The great baseball broadcaster/philosopher Joe Garagiola once described baseball as “drama with an endless run and ever-changing cast.”

That statement couldn’t be truer than in college baseball, where the cast in fact changes every year as student-athletes graduate, are taken in the Major League Draft, or simply finish their eligibility. It takes the right director to deal with the moving parts, to make sure the cast of characters adheres to certain standards, and essentially ensure that the show goes on — because it must.

I used that quote from the late Garagiola this past week as we introduced Jeremy Beard as the head coach of Cal State Bakersfield baseball. Beard was thrust into the interim head coach role last winter, when it was decided that the program needed to go in another direction.

He was taking over a cast that had struggled the year before. Whether it was dealing with the change in head coaches, philosophy or just simply a down year, he had a group of young men who were very successful in 2015, but were coming off a very-tough 2016 campaign; a new director was needed.

Credit to coach Beard. It’s not easy coaching with the ‘interim’ tag. Recruits are unsure if you’ll be around if they decide to commit to your program. Heck, you’re not even sure you’ll be around. Just as in life, baseball possesses no guarantees. But he prevailed, turning the team around from a 19-37 record the year before, to a second-place finish in the WAC which included a 32-24 mark and a berth in the WAC Tournament final. It was a good year; we had our man.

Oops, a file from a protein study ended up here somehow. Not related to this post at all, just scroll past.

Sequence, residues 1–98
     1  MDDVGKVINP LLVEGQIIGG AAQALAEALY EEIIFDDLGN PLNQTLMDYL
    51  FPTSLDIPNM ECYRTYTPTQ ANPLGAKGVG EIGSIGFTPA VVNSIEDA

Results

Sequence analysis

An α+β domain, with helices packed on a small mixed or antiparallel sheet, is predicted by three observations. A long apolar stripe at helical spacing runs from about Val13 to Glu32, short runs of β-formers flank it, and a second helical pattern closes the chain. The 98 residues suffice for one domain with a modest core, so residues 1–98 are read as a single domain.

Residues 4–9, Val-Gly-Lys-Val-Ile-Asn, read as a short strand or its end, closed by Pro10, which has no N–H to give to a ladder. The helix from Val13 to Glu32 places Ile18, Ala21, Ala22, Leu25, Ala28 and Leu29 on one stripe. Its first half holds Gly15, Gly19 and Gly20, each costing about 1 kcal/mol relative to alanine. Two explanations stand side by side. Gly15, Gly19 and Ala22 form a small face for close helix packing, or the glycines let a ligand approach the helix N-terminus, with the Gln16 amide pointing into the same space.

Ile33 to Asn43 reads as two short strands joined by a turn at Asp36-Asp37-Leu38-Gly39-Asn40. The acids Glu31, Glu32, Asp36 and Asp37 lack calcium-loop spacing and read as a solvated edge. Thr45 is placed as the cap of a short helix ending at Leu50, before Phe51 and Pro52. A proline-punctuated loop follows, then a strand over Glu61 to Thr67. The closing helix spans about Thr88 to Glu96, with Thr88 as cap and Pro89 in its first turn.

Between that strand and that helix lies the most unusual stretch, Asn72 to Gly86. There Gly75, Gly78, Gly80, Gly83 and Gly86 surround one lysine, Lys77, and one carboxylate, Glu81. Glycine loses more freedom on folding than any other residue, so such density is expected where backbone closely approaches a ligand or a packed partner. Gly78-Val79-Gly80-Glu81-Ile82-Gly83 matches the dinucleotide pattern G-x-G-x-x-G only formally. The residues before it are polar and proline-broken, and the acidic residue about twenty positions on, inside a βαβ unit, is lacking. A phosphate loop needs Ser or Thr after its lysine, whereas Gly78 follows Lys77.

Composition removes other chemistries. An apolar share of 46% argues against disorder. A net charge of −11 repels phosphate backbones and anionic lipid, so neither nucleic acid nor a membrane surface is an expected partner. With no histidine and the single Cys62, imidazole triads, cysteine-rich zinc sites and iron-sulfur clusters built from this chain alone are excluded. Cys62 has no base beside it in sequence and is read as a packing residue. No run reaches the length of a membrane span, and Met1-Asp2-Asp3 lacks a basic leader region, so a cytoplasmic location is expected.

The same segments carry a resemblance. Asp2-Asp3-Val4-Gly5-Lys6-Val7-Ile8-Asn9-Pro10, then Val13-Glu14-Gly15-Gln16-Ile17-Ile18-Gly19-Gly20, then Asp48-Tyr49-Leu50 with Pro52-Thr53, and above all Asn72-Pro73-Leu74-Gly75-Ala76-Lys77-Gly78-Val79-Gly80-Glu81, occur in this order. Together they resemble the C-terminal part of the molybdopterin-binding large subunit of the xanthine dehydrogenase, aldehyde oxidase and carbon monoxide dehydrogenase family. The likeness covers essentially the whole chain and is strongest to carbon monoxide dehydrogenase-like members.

Despite the interim tag, coach Beard also recruited fairly well; he had to, considering he lost several key players to graduation. He needs to essentially rebuild his infield, prepare some returners for a larger role and continue to improve his pitching staff, especially after the graduation of WAC Pitcher of the Year Max Carter. He’ll be on the lookout for the next ace, never an easy task. But with a background as a pitching coach, I’m sure he has a plan.

I like his baseball mind. It seems like he and I are on the same page a lot. I don’t usually coach from the booth when I am calling a game on the air, but it’s fun to guess what a coach might do in a certain situation and nine times out of 10 when I make a guess, coach Beard follows through with that exact move. It’s often poetry in motion.

It was well-deserved on Tuesday when the interim tag was removed in front of a packed crowd of media, student-athletes and even many of their parents. You could see who already believed in their skipper. Even families of players who had recently graduated came back to offer their support, a big statement indeed.

One of coach Beard’s most-famous quotes, one of the key lessons he instilled in his players in his first year on the job was “how you do anything is how you do everything.” It stuck with his team.

His players bought into that concept last season and turned a really tough situation into one of the best comeback stories in college baseball. For that, he earned his spot as the third head coach in program history. He’ll have the honor of being the skipper for the 10th anniversary of Roadrunners baseball when the team takes the field in 2018.

That cast has changed a lot in 10 years, but the endless drama as Garagiola pointed out will continue. I think we have the right director to make sure that the show goes on in a fashion that honors everyone who has taken part in our baseball drama, and the fans who pay to watch it.

Corey Costelloe, a Tehachapi High graduate, is assistant athletics director for communications for CSUB.